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Angela Giangrande obtained her PhD in Strasbourg, where she developed her interests in transcriptional regulation and in the Drosophila melanogaster genetic model. After an EMBO postdoctoral fellowship in the USA, she returned to Strasbourg where she set up her group at the IGBMC. She is now heading a research group on “Immune and neural development” in the department for “Functional Genomics & Cancer” at the IGBMC Strasbourg.
Multipotent stem cells produce different cell types through the implementation of specific transcriptional and epigenetic programs. One of the present challenges in developmental biology is to understand the precise cascades underlying these programs.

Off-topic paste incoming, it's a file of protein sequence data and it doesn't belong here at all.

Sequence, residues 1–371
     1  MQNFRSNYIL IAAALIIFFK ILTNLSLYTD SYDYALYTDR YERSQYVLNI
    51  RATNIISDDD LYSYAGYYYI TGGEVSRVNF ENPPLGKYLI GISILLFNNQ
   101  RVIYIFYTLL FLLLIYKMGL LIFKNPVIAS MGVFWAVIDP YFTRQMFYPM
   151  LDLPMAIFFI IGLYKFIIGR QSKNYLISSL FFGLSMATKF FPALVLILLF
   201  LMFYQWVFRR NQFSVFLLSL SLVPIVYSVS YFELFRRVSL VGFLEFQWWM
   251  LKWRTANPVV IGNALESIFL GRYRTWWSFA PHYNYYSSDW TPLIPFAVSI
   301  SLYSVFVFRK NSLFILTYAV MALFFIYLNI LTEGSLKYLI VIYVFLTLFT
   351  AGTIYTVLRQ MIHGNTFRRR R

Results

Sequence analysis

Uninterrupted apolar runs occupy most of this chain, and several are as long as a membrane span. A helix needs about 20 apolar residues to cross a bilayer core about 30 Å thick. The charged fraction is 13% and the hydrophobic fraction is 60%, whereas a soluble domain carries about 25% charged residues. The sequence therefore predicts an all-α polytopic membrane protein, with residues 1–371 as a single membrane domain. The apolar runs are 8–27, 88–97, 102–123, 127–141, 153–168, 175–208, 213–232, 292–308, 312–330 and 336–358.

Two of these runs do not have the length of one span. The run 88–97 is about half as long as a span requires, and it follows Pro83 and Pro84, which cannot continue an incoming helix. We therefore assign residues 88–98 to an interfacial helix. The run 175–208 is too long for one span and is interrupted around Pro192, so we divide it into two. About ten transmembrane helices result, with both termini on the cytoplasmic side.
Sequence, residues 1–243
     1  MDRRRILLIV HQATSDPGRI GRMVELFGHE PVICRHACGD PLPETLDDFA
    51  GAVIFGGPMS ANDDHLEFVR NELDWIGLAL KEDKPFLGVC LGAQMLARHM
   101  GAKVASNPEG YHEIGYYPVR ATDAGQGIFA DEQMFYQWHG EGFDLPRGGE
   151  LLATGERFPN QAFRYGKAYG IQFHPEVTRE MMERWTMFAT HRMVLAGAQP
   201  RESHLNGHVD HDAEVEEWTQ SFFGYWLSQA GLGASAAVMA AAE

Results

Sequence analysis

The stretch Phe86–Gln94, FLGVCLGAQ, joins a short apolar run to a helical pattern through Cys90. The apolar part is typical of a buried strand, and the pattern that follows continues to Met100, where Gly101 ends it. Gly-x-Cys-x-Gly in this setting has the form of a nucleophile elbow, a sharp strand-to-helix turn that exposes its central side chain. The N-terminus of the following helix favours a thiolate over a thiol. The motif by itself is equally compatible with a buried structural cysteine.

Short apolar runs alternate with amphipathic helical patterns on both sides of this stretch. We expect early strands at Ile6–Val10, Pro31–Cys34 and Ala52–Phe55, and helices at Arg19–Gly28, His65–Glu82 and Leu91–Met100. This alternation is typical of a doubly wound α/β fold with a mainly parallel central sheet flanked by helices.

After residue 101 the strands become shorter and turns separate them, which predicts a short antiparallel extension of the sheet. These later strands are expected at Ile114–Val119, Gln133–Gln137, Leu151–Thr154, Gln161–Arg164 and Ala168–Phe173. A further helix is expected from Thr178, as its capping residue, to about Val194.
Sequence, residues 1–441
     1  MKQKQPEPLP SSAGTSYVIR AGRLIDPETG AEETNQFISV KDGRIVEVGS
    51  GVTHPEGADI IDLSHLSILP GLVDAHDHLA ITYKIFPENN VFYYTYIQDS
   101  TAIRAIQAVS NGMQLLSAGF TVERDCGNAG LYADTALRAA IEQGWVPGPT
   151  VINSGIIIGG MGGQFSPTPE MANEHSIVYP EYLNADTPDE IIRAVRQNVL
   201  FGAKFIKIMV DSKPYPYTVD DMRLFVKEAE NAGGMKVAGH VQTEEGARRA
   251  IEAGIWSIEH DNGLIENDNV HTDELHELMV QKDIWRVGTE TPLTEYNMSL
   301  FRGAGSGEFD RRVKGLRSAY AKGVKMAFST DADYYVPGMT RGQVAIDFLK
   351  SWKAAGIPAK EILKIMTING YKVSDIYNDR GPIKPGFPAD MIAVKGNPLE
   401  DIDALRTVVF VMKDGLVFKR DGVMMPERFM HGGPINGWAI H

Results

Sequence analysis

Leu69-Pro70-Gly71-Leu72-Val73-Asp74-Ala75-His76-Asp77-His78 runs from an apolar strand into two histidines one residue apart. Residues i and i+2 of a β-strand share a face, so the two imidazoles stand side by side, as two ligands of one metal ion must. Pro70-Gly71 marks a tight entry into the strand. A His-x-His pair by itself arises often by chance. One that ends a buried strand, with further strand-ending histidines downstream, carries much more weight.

In Drosophila, a single transcription factor, the Zinc finger protein Glide/Gcm, is necessary and sufficient to trigger the glial fate at the expense of the neuronal fate. Gcm induces the coordinated expression of genes that execute the glial fate as well as a very low level of H3K9acetylation in glial cells. In order to decipher the mechanisms triggering neural development, we are currently investigating the Gcm cascade and the significance of this cell-specific epigenetic signature.
source: lab page & USIAS